Late-Night Google Searches, Unprecedented Findings On The Human Psyche

By Nethani Palmani | Apr 07, 2017 09:35 AM EDT

It isn't quite surprising that many of us are awake in the midnight, self-diagnosing a headache or even studying world conspiracies. A scientist has now pioneered a study into late-night Google searches and has offered insights into the human psyche, explaining what we all have in common.

Dr. Seth Stephens-Davidowitz, a former Google data scientist with a PhD in economics from Harvard, in his data analysis, discovered that people google "how to roll a joint" between 1 to 2am. "Porn" is also the most popular late-night Google searches between late night and 2am.

Likewise, panic attacks, and health concerns happen late at about 3pm. And between 2 to 4am, people ask the big questions concerning the existence of life, free will and the meaning of consciousness. It's also at 3am on Saturdays that people tend to get drunk, committing spelling errors on the late-night Google searches, and even forgetting their passwords, according to the Vice.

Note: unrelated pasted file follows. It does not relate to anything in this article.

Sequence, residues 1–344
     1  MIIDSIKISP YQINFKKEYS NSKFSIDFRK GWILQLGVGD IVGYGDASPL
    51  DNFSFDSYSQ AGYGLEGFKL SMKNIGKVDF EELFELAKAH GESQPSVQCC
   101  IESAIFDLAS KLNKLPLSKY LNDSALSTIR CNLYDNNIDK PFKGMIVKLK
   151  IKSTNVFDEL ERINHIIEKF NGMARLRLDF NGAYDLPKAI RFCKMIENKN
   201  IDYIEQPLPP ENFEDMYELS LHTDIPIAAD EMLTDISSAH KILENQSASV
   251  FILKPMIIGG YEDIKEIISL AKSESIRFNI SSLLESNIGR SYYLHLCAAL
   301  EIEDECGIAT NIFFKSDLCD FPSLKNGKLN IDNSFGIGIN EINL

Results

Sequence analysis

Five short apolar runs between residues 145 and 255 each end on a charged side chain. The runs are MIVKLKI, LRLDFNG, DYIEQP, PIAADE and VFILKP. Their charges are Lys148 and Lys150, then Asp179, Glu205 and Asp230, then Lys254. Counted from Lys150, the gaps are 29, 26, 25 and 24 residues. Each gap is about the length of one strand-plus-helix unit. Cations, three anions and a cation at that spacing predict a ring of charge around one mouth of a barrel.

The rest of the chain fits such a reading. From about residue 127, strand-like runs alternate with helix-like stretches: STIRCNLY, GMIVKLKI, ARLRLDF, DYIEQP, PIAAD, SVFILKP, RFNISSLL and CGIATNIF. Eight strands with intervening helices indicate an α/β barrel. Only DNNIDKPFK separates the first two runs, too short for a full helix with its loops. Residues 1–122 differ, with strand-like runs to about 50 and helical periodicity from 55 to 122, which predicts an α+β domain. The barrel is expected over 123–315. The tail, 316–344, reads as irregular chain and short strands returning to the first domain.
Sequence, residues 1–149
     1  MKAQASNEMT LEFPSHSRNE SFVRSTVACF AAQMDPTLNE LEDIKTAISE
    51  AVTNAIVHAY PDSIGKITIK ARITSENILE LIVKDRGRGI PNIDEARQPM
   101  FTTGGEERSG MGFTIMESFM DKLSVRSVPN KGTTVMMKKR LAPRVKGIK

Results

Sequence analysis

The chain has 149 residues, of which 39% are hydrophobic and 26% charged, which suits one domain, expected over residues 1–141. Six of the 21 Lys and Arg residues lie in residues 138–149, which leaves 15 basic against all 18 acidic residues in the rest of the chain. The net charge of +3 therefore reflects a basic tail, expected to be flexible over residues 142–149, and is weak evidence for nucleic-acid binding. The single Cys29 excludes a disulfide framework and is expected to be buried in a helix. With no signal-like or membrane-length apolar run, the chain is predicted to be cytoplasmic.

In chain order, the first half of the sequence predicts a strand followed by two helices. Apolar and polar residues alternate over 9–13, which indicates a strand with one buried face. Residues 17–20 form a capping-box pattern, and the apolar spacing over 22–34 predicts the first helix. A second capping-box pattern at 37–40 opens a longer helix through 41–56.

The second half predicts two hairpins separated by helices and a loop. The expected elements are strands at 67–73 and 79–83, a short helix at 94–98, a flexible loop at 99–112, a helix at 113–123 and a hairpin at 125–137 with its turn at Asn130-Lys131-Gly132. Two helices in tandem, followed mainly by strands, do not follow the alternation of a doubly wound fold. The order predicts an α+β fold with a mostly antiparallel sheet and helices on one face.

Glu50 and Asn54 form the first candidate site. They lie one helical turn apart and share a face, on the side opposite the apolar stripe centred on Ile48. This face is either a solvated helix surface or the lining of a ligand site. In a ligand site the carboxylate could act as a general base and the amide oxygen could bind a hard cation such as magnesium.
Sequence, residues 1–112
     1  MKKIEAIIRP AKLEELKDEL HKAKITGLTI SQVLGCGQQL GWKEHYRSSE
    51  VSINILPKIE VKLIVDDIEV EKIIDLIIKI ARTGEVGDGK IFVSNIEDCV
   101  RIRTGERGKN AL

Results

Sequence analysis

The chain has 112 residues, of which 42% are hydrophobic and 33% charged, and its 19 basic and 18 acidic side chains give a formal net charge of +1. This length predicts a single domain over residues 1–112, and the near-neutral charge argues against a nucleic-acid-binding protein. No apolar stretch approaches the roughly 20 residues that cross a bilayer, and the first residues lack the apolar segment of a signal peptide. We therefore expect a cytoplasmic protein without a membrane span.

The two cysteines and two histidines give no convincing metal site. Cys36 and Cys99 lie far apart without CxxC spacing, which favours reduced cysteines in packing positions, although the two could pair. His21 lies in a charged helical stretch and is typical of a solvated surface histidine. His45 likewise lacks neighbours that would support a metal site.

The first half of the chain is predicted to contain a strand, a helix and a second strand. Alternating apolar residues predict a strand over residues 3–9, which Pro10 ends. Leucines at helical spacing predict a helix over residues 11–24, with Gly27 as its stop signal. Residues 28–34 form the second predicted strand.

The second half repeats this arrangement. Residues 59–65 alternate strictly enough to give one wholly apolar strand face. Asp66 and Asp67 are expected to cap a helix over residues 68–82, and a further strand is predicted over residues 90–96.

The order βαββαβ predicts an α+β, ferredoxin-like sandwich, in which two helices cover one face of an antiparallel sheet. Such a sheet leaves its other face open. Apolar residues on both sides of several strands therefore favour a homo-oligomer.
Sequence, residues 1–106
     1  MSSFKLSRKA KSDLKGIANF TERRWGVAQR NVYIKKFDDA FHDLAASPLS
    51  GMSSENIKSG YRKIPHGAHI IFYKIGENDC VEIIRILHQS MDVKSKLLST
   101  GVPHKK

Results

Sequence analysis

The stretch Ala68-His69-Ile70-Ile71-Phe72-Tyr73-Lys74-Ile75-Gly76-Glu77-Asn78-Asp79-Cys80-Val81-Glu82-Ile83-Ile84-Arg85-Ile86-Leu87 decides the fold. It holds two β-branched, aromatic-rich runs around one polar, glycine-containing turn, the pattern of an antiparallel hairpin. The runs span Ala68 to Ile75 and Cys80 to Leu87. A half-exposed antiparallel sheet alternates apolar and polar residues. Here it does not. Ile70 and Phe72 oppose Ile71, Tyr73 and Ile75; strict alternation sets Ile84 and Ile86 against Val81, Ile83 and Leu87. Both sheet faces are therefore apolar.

What comes out disturbing is at about 3am, people begin making late-night Google searches like "kill Muslims," and these become the red flags of hate crimes later. These not-so-sane members of society reveal themselves in late-night Google searches, and the information can be potentially used to learn the cause of their aggressive and dangerous thoughts, that perhaps, sometimes they act on.

Stephens-Davidowitz also said, "All the lonely people kind of reveal themselves on Google." It roots from the thinking that their situation is unique and that there's something particular about themselves, according to WNYC. However, when put altogether with everyone else, a large number of people are seen doing the same thing at the same time - which is much predictable than we sometimes think.

Stephens-Davidowitz reached the conclusion that what is happening in the late-night Google searches is a combination of boredom, anxiety, and marijuana smoking which seems worth knowing it is a platform people reveal themselves to. Probably, that would open door to more findings related to human psyche in the future.

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